It’s that time of year again. A time when the New Year still has that new year smell. When every fortune-teller and futurist comes out of the woodwork to give their predictions about what our next run around the sun will bring. In that spirit, we thought it would be a good idea to dust off the old crystal ball and peer into the future of Lord of the Rings Online. Unfortunately, we overspent on poultices and herbal remedies in 2007 and we’ve been forced to cut crystal balls and other soothsaying devices from our dark arts budget. Luckily, there was plenty of room in our telecommunications budget, so I just picked up the phone and spoke to Lord of the Rings Online Executive Producer Jeffrey Steffel to see what he had to say.
But before we can look forward, we need to look back on the year that was and what it meant for Lord of the Rings Online. LotRO had a notably smooth and relatively bug free launch in late April 2007. The launch set the bar for AAA MMOs and confirmed that a smooth launch is a necessary ingredient if you want to call your game AAA. Since launch, Turbine has been busy adding content and features in the form of free expansions, called books. Three books have been released thus far, opening new areas to explore, bringing quests with new foes to defeat, and adding new features like monster play, player housing, and more.
I asked Steffel how he would describe the previous year from a LotRO point of view. “It’s been awesome,” he responded. Now, getting a developer to say that their game is awesome isn’t exactly news (or even difficult), but he was kind enough to elaborate, saying that LotRO has a healthy, growing community. Turbine as a whole feels validated by the positive reception they’ve received and the awards that they have won. Included among those award is the MMORPG.com Reader’s Choice Award for best new game of 2007, but that outcome hadn’t been determined at the time of this interview.
So all in all, 2007 was a good year, but what about 2008? Steffel informed me that for the first quarter of 2008 they will only be speaking in broad terms about the game’s future. They’ve spent the last year figuring out what the players want to see added to the game, making sure that developers and players are on the same page. Based on player feedback, they’ll be making a few changes to the level advancement process, hoping to smooth it out.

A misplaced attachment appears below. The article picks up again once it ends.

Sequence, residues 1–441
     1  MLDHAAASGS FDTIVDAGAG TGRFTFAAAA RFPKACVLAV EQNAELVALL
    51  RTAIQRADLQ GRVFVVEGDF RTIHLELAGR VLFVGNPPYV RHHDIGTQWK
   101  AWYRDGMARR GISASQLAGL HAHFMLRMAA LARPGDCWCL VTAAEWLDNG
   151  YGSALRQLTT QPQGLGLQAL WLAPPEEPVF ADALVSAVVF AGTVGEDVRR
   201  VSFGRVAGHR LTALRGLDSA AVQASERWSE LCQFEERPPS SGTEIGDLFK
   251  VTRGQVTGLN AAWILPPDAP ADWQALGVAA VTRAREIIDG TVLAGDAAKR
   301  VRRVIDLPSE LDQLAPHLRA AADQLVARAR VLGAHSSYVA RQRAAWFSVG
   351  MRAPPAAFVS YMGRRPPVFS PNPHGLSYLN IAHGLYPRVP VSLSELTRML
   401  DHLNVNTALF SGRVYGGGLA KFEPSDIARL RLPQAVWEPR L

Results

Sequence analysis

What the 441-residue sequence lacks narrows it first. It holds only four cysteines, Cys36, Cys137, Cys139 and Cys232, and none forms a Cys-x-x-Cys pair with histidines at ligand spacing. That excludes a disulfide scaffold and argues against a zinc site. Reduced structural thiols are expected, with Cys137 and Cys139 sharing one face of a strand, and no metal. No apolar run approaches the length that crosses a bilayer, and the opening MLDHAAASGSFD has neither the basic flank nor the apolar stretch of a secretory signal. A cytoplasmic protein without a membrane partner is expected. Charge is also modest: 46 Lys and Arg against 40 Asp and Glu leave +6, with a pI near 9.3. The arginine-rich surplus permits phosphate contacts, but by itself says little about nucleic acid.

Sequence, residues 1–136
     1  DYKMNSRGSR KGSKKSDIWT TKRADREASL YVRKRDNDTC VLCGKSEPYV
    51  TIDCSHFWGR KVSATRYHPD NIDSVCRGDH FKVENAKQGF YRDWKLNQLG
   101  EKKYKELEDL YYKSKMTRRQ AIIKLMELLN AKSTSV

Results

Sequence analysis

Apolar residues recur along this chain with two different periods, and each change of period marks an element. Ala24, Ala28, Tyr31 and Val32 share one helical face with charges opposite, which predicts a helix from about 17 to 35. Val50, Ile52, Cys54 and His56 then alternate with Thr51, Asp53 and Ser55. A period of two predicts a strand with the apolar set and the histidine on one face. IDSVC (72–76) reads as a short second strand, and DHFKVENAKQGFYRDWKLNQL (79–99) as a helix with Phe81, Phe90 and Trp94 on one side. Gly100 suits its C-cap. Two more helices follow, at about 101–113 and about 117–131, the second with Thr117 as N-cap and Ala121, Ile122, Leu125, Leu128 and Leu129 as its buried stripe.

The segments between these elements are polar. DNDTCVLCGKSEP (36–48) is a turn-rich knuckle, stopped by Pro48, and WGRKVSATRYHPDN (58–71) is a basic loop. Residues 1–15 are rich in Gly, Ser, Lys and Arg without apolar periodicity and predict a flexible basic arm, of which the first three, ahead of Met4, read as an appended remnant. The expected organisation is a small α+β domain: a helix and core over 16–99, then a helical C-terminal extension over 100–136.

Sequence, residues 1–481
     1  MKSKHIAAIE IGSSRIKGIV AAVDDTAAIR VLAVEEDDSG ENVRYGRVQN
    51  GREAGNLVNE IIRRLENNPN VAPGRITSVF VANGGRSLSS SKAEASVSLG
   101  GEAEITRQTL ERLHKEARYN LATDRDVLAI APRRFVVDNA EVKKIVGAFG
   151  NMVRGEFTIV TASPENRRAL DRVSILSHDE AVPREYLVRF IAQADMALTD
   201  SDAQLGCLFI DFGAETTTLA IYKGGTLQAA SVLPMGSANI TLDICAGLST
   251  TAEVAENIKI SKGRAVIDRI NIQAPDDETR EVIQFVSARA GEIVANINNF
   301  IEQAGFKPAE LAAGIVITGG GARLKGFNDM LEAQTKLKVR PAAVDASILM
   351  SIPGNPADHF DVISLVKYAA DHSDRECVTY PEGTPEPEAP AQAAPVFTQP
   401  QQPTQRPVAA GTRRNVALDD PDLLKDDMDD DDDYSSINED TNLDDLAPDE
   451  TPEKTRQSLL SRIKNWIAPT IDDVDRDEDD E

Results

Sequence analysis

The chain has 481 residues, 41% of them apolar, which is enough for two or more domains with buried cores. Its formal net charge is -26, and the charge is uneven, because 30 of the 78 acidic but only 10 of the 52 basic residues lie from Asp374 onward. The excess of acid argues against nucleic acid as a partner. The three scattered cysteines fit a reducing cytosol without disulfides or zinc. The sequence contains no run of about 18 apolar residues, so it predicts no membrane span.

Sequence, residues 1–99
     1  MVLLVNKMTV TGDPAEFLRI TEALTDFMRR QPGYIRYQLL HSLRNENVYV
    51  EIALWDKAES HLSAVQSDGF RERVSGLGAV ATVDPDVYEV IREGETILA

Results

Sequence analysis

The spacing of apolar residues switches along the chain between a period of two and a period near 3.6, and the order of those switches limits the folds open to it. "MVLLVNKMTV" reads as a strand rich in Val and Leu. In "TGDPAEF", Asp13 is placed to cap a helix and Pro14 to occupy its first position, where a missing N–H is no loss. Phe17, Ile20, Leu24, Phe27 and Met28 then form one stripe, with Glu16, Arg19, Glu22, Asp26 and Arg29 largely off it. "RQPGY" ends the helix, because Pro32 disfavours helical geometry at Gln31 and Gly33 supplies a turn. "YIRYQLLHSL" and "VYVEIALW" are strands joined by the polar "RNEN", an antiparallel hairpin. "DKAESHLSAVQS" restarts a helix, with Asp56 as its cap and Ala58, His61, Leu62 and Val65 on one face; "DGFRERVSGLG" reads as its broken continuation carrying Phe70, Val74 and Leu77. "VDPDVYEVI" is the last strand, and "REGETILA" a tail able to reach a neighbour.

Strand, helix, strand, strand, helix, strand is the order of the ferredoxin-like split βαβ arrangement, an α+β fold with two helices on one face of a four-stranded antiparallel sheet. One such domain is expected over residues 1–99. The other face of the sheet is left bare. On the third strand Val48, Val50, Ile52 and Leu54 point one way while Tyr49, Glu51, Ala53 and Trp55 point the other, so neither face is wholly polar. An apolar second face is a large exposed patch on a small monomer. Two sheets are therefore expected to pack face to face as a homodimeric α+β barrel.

Steffel says that the team will be working toward adding more solo content for all levels of play. They knew people would want a significant amount of solo content from the start, but as it turns out, people want more. Another element that we’ll be seeing more of is elder game content and raids. When a game first launches, there is less demand for end game content as everyone is low level, but as the game matures, and the player base advances, more high level content becomes an obvious necessity. Exploration and achievement players will also see more content directed at their style of play in the coming year, but no further details were given, except that achievers will get their due in Book 12.
Other improvements to the game that are specific to Book 12 will be a focus on character customization, some major class balancing, an overhaul of Angmar, and extended monster play which will include a high end dungeon under the Ettinmoors called Ettindeep. As mentioned earlier, most of the details on the upcoming features are somewhat nebulous. Few details about specific customizations have been released but we can say that characters will soon be able to wear one piece of clothing for display purposes, and another piece for statistical purposes, which will complement LotRO’s equipment system nicely. Another convenient addition to the game will be the ability to access the LotRO Lorebook from inside the game, giving players access to a wealth of information at their fingertips. Recent books focused on improving and rebalancing specific classes, although each class usually gets a little love if they need it. In Book 12, the focus will be on improving the Burglar and the Guardian. Angmar’s overhaul was announced a few months ago, and while details are still sketchy, we do know that their goal is to make Angmar feel like a dark and vile place rather than a place to kill those pesky evil boars. Beyond Angmar and Book 12, there will also be a general focus this year on finding ways to improve gameplay wherever it’s needed in several other unnamed zones.
2008 will also be a big year for Turbine and Lord of the Rings Online because not only will they be improving and expanding their game’s content, but they will also be expanding their game’s audience. Later this year Chinese and Korean gamers will have the chance to enter Middle Earth with the launch of LotRO in China and Korea. This should be an interesting year for Lord of the Rings Online.